Understanding Equine Therapy

One of the most common questions I get about equine therapy is “how does equine therapy work?” This question can be answered in so many different capacities based on what the professional is trained in. So I want to give a little bit of information about the different types of equine therapy and then share a little about how equine therapy works at Pathways to Connection here in Morrison, CO.

Different Types of Equine Therapy


Purpose: Provide services to clients who struggle with processing, mental and physical disabilities, emotional disabilities, and neural dysfunction. They hope to help clients develop experiences and skills to help clients with physical and emotional improvement in the beginning.

Goal: Allow clients to experience fine motor movements and develop motor skills by riding on a horses back. They also bring in the emotional component and hope to all clients to experience emotional regulation.

Professional: No level of schooling is required. It is required that the professional hold a certificate in therapeutic riding.

Equine Facilitated Learning and Activities

Purpose: Provide services to individuals and groups and sometimes families. Clients mostly need help with minor mental health struggles like emotional awareness, cognitive processing, and coping. They hope to develop skills that help clients in the future.

Goal: Allow clients to focus of healthy decision making and problem solving, creative and critical thinking, self-awareness and empathy, communication and interpersonal skills, and coping with emotions and stress. Activities can include the focus on the frequent, rhythmic, low-amplitude movement of horses to help individuals achieve specific physical, cognitive, social and emotional goals.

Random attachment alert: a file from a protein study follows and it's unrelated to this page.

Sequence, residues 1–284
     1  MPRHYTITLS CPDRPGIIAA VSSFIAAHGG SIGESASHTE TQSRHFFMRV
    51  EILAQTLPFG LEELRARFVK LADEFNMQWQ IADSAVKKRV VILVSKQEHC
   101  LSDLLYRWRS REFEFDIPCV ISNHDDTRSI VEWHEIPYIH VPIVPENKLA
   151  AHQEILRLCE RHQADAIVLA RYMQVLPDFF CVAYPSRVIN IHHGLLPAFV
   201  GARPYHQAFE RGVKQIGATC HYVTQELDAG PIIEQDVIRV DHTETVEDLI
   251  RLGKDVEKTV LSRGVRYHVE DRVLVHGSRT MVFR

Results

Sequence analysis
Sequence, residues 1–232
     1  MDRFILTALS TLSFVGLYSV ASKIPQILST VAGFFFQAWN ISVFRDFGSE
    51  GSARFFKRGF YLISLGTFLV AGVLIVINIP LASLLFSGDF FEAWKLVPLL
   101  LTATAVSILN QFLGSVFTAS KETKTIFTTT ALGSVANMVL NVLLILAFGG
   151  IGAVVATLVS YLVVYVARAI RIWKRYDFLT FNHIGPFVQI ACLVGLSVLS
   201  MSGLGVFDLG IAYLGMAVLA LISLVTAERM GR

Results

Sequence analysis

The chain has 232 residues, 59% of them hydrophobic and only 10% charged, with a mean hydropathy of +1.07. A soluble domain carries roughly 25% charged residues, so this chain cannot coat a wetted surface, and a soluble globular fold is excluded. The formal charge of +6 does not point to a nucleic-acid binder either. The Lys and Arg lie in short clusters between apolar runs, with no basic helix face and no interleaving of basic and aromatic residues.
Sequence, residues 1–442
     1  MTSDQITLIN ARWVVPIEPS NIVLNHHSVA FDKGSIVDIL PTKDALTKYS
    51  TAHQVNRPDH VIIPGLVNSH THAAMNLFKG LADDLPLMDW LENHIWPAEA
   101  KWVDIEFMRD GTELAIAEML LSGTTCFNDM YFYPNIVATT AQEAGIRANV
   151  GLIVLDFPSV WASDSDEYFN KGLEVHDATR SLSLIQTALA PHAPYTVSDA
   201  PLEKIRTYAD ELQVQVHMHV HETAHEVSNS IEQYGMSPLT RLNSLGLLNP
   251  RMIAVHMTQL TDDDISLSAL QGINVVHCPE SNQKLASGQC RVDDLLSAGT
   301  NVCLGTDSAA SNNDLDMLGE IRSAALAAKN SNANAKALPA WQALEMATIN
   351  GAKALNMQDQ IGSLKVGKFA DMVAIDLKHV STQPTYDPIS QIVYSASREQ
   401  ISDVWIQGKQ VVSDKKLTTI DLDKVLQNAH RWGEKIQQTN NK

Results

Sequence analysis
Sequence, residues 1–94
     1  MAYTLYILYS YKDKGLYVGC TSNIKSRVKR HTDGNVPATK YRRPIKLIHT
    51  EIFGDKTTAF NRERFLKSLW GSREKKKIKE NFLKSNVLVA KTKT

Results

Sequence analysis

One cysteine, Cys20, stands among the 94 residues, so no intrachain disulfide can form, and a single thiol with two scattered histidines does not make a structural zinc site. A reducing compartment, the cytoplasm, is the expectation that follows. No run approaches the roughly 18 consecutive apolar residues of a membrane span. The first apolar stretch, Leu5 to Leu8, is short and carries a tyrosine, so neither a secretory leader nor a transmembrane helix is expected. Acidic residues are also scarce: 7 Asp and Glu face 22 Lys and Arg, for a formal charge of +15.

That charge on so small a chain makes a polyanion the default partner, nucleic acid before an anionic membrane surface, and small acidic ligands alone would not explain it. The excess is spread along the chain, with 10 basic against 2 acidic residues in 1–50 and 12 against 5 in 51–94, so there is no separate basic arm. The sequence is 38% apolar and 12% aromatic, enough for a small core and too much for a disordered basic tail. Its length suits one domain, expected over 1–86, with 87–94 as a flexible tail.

Professional: No level of schooling is required. It is highly recommended (or required depending on state) to have a certificate in equine assisted learning.

Equine Assisted Coaching

Purpose: Provide services to individuals who are seeking personal or professional development. Clients are often time focusing on future growth and development.

Goal: Allow clients to develop in a social, economic, biological, and career focused way so they can experience their full potential in whatever desired area they are seeking coaching in.

Professional: No level of schooling is required, but there is a certificate program that is needed to become a coach. It is highly recommended (or required depending on state) to have a certificate in equine assisted learning.

Equine Assisted Psychotherapy

Purpose: Provide services to clients who struggle with mental health. Clients can range from struggling with emotional awareness to severe childhood trauma..

Goal: Allow clients to restore their mental health and begin to shift their stories. We want to allow people to come back to an authentic way of being through experiences with the horses that are relational and connected. We focus on past, present and future to creating healing in a whole way.

Professional: Masters required in counseling or social work. It is highly recommending (or required depending on state) to have a certificate in equine assisted psychotherapy.

How Pathways to Connection Works Within Equine Therapy

Each of the therapists that are trained in equine therapy at Pathways to Connection have gone through (or are currently going through) the Gestalt Equine Institute of the Rockies. The training program goes through attachment, somatic, family systems, Gestalt theory, and integration with horses.